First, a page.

JK: During a nuclear crisis, I’d think the timelines would be much more compressed compared to what we’re seeing in the coronavirus outbreak. Is that better or worse?
JL: I don’t think it makes any difference. I don’t think giving this group of human beings more time leads to better outcomes. Of course, from the perspective of a novelist the time issue in the book creates a sense of tension. But I could easily have written the book about a pandemic, though it probably wouldn’t have been as good as Michael Crichton’s The Andromeda Strain.
In the nuclear field, we do worry that decisions made under tight timelines will be worse decisions, and that’s probably true. But I don’t think any amount of time would allow Trump to make better decisions. It’s just the situation might be slightly more forgiving. But as we’re learning now, it’s not. It’s not more forgiving.
JK: The response to the virus in United States has been somewhat decentralized. State and local officials are acting on their own to mitigate things in a way that they might not be able to do during a nuclear crisis. Does that help?
JL: No, I think the lack of adequate testing capacity has forced localities to step in. But unfortunately, I don’t think states and localities have the tools that they need to really combat this effectively. I don’t want to be critical of them because they’re trying to do the best they can. But there’s a reason we have a federal government. The federal government has responsibilities and it is failing abjectly at them.
Not to dwell too much on the book, but that’s the central warning of the novel, that the government has really important responsibilities. And if you have people who are not competent in their positions, or who are not interested in doing that particular job, and if you have this kind of leader in this situation, things get out of hand much more quickly than you realize.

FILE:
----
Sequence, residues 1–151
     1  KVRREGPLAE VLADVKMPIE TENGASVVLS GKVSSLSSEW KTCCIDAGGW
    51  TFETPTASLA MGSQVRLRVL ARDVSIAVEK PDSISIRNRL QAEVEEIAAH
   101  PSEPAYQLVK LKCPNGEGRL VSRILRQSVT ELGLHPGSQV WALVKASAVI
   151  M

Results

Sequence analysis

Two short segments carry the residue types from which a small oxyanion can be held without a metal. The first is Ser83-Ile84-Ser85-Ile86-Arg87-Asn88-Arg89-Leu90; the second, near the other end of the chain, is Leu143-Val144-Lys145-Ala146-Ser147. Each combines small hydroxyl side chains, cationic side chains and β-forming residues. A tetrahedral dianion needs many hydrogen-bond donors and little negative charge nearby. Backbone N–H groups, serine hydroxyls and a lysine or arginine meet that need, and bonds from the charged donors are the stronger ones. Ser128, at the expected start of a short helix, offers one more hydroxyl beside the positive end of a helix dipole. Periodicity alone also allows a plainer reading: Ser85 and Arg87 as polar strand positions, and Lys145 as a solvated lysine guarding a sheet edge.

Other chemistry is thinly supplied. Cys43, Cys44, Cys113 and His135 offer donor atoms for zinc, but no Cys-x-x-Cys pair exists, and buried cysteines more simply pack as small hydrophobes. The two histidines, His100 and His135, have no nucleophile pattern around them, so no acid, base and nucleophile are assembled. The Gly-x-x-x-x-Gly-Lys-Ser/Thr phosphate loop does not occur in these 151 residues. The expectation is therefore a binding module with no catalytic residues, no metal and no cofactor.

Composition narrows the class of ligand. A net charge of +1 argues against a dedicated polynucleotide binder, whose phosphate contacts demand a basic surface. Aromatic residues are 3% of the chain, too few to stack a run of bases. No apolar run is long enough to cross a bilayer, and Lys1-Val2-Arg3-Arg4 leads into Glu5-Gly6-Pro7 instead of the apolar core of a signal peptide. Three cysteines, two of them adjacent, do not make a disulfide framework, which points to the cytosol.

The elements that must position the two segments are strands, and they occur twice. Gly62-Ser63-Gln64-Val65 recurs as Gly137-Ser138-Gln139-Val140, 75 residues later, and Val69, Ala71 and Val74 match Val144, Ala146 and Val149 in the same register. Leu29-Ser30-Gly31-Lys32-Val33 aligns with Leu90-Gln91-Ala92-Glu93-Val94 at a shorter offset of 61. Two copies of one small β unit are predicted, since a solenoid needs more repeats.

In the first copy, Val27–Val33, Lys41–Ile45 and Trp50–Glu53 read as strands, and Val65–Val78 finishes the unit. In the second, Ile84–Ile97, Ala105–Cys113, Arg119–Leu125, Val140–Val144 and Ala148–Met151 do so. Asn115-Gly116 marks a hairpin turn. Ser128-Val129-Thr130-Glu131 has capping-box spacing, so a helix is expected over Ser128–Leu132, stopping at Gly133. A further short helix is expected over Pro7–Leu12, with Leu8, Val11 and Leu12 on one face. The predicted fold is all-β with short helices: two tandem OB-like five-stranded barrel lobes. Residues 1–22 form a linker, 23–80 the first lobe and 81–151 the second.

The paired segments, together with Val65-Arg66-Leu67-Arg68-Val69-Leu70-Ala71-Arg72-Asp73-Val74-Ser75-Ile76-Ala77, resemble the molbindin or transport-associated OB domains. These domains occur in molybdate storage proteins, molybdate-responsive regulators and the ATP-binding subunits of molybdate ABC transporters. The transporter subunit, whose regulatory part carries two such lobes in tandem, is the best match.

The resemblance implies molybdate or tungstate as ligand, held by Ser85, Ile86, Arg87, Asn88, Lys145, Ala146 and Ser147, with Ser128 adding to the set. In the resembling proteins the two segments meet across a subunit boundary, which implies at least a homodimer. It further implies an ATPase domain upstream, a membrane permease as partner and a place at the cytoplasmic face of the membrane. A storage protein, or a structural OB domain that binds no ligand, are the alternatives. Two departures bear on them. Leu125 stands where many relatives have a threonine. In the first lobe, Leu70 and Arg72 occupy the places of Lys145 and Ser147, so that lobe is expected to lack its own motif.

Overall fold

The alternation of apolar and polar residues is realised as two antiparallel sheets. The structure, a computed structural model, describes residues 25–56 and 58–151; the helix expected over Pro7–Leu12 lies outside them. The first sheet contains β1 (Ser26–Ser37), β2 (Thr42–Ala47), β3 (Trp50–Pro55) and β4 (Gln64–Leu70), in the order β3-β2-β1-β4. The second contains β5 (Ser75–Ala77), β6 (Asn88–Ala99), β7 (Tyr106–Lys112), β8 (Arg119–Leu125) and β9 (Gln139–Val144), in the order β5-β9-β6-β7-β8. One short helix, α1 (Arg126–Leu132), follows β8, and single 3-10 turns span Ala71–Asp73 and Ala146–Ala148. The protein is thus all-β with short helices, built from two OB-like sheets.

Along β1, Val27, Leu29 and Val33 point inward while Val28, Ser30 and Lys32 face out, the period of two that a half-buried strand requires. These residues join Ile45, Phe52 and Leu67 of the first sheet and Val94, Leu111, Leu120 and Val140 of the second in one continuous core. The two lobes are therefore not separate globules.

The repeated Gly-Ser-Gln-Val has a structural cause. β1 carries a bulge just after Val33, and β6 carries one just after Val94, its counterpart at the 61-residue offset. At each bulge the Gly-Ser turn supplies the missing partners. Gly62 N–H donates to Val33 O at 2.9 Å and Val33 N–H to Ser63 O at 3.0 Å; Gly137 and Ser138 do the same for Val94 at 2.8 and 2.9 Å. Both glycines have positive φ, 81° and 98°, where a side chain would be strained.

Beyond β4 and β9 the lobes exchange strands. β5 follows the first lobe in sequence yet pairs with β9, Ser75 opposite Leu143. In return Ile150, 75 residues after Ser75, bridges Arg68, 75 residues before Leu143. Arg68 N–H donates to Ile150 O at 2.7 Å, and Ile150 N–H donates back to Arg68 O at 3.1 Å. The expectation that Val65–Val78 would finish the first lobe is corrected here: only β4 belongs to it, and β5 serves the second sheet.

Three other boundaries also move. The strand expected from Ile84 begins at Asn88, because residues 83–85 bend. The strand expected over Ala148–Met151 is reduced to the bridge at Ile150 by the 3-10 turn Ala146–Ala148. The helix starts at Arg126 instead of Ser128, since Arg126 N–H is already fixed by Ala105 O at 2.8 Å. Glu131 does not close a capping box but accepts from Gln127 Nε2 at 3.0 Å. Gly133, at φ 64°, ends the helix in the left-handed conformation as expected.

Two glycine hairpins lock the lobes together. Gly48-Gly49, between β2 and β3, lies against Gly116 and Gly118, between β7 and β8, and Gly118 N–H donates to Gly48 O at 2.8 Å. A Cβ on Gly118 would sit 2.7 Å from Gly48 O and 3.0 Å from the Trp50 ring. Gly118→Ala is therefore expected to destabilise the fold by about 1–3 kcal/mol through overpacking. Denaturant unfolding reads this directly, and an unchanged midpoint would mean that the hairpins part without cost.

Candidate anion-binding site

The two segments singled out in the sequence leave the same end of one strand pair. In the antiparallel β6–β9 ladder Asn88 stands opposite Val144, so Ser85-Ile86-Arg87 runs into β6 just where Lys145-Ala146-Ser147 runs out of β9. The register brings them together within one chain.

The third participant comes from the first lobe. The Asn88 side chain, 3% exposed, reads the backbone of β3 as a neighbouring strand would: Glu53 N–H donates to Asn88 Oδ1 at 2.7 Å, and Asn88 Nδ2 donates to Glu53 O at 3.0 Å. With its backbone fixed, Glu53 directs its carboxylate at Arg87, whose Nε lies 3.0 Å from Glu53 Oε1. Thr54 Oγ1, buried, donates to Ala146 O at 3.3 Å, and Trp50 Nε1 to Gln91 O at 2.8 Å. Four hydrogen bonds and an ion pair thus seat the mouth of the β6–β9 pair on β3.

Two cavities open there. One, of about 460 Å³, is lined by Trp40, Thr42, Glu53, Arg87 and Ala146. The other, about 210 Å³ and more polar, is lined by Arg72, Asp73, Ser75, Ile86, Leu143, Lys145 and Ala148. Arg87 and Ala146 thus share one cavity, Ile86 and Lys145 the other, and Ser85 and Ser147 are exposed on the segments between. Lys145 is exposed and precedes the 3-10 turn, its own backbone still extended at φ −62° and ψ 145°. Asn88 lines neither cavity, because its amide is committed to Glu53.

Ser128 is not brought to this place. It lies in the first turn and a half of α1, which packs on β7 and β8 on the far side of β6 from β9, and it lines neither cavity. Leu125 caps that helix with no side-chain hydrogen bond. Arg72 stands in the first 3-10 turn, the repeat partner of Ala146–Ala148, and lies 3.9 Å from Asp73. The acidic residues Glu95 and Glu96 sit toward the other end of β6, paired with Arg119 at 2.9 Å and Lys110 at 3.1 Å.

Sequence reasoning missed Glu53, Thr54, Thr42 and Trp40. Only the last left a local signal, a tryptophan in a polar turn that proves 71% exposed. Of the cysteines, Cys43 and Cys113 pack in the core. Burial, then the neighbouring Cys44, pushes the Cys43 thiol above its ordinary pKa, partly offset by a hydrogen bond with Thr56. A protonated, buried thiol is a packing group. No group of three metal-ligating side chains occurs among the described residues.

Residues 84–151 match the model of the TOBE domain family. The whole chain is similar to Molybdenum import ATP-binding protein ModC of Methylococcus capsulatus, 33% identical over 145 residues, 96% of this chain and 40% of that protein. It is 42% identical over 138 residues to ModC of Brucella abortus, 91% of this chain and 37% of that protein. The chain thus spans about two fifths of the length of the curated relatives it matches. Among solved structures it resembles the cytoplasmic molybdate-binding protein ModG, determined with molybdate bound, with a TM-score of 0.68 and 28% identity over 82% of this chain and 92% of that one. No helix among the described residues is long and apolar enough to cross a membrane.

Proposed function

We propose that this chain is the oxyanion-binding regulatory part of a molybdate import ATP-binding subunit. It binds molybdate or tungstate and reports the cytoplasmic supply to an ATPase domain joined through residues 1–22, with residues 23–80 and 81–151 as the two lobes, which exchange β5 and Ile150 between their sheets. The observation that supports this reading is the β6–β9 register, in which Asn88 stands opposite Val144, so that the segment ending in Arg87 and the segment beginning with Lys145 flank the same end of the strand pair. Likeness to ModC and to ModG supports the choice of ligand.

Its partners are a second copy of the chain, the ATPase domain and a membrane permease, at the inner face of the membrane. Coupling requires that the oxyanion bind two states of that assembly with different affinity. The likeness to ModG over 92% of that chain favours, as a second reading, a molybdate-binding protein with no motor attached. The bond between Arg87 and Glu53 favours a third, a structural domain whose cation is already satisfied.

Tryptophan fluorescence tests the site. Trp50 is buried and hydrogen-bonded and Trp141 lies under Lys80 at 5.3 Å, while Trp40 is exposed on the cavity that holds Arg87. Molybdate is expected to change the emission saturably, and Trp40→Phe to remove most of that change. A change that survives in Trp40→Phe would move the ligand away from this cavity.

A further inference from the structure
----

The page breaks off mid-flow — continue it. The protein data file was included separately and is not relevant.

JK: How important is international coordination?
JL: My mentor, John Steinbruner, who was the chair of my dissertation committee, started his career working on nuclear weapons issues. But one of the other main streams of his research was on pandemics, because to him, it was the same problem. These are both cases where humankind is facing massive danger. And to prevent them requires good international governance and cooperation, because these dangers are way too big for countries to deal with on their own.
I think he was exactly right; a pandemic is just a kind of nuclear war in slow motion. Preventing nuclear war and managing a pandemic require the same conceptual approach.
JK: We will probably have many weeks and months ahead, while we’re all trapped in our homes, to dwell on the lessons learned, and whether certain lessons could be applied to nuclear command and control. But from an academic perspective, have you learned any lessons for your work in the nuclear field?
JL: One thing about nuclear command and control, which the virus outbreak underscores, is that it is so hard to get good information in a crisis. The epidemic spiraled out of control so quickly in certain countries that even the best experts were rushing to figure out what was going on. To me the danger of a nuclear war is not that somebody’s going to get up one morning and say, “Ah, fuck it,” and push the button. It’s that we’re deeply flawed as human beings, and we have imperfect information, and we’re always trying to make decisions under complexity. And I think you saw the same things here. There was enough uncertainty early on that people could argue about how contagious the virus is, or how deadly it is. That uncertainty hampered the response at a critical moment.